JaneAnne Murray
Associate Clinical Professor of Law

Client of Prof. Murray's Clemency Clinic on Path to Release after Board of Pardons Hearing, Star Tribune Reports

A client of the Law School's Clemency Clinic run by Professor JaneAnne Murray is one step closer to release.  At a hearing before the Minnesota Board of Pardons on Nov. 21, Samantha Heiges was told by Governor Walz that she would likely go home on Dec. 13, 2021, subject to the development of an effective release plan, which Department of Corrections Commissioner Paul Schnell assured would be prepared on time. "Prepare yourself for going and living with your daughter and achieving what you hope to achieve," Gov. Tim Walz told Heiges.

The facts of Heiges's case are tragic.  At 19, scared, alone, isolated from family, friends and medical professionals, she gave birth in a bathtub in the one-bedroom apartment she shared with her abusive boyfriend. Moments after birth, and driven by her boyfriend's threats, she drowned her baby in the bathwater. Days later, she attempted suicide.  Several years later, she broke down and confessed to a friend, who relayed the information to the police. Heiges then confessed to the police several times.  Charged with second degree murder, Heiges rejected a plea to manslaughter that would have resulted in a sentence of four years.  She went to trial, was convicted, and was sentenced to a guideline sentence of 25 years in prison. 

In the ensuing 13 years or so, Heiges has been a model prisoner, working consistently (mostly in textiles and training guide-dogs), studying extensively such that she has just earned her bachelor's degree, playing a role as mentor, advocate and leader for her fellow prisoners, but most importantly, embracing her role as mother to the second daughter born to her one year before her incarceration.  The two are so close, as Professor Rebecca Shlafer of the University of Medical School testified at the Pardon Board hearing, that two years ago, Heiges and her daughter both donated their hair together to cancer survivors. Heiges had previously donated her own hair three times. Shlafer, an expert in parental incarceration, has advocated for Heiges over the years to ensure that her bond with her living daughter was preserved.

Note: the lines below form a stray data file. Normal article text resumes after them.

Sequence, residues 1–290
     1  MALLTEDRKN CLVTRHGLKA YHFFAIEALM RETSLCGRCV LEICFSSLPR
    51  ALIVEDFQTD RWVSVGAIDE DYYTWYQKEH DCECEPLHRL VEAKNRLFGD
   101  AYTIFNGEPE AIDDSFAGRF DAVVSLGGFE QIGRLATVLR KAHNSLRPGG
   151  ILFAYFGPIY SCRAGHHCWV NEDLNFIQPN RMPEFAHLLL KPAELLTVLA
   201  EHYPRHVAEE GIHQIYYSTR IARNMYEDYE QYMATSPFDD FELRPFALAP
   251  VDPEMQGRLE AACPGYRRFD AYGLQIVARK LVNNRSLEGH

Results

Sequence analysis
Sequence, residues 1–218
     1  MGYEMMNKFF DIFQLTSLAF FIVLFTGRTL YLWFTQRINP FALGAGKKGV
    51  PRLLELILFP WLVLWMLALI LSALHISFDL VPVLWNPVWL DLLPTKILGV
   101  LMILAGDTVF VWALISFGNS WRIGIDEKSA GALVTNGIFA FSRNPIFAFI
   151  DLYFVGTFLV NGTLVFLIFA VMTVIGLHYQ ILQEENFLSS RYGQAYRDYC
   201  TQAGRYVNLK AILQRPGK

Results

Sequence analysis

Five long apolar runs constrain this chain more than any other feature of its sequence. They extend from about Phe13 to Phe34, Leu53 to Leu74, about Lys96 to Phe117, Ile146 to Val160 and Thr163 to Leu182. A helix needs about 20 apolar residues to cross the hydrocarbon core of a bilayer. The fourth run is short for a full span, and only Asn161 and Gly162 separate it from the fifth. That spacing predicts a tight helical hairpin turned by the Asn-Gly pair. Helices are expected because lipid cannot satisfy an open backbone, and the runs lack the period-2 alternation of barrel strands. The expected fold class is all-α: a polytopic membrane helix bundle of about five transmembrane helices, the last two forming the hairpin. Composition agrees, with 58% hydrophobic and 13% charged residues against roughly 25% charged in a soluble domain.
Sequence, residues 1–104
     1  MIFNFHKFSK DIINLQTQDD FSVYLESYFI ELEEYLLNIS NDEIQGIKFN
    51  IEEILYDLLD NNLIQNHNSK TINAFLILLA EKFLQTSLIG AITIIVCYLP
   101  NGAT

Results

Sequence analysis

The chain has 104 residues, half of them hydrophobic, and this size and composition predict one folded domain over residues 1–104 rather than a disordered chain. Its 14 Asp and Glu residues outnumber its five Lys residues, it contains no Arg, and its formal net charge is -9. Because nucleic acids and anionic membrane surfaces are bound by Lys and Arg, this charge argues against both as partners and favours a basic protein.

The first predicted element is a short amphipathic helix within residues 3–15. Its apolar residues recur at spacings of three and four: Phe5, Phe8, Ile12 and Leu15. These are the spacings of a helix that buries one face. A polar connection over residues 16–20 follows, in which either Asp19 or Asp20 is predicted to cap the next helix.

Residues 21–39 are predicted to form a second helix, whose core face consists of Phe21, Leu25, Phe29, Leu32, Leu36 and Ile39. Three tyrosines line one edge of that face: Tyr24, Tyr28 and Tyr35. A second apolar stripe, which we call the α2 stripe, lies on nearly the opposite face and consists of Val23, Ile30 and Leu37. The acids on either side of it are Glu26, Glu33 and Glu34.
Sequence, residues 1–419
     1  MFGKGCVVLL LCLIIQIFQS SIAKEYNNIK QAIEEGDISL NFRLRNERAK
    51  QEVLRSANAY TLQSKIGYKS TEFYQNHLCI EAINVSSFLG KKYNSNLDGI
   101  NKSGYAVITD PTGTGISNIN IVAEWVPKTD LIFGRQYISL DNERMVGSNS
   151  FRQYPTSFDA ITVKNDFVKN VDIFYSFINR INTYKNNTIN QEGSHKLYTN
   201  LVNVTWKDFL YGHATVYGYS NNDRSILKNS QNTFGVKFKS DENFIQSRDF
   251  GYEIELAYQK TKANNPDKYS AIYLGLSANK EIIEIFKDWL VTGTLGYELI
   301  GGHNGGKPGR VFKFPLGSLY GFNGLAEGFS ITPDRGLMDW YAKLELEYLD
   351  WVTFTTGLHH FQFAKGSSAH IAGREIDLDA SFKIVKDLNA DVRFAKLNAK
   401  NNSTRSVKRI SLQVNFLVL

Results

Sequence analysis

Murray met Heiges during a visit of Shakopee Women's Prison in 2018 with her clinic students. In 2019, Murray took on the representation of Heiges in a clemency petition, and recruited student Hannah Camilleri-Hughes '20 to work on the case.  Their petition was filed in 2020.  The first hearing on the petition was held today. At the hearing, she was represented by Murray and Camilleri-Hughes (who did so in her capacity as a Clinic attorney), and Professor Schlafer attended too in her capacity as an expert witness to Heiges's extraordinary parenting and rehabilitation. Heiges's mother also testified about her strides in development while in custody and the depth of the network of support for her upon release.  Ms. Camilleri-Hughes told the board "that Heiges' then-boyfriend was physically and emotionally abusive and cut her off from her familial and social support networks during the pregnancy," noting Heiges's later suicide attempt after drowning the baby.  Murray pointed out that Heiges's sentencing judge had submitted a letter to the Pardon Board indicating that she did not oppose a commutation.  Murray had obtained a psychological evaluation of Heiges earlier this year from Dr. Ernest Boswell, who concluded that at the time of her offense, Heiges was systematically exposed to a pattern of serial emotional, verbal, and physical abuse, meeting criteria for “traumatic exposure” for PTSD.  He adds that today, Heiges scores remarkably high in empathy, exhibits profound remorse and pro-social behavior, and is at a low risk for recidivism.

The board members acknowledged the awfulness and tragedy of the crime. But so too did they express their compassion for Heiges and her living daughter, and their appreciation of her rehabilitation efforts in prison. The trio agreed that clemency was appropriate. Heiges's sentence would not be reduced but rather the remaining custodial portion would be converted into a supervised release term. DOC Commissioner Schnell will work on a release plan—with the assistance of the Clemency Clinic if necessary—and present to the Board on Dec. 13, 2021, at which point, it is hoped that Heiges will walk free.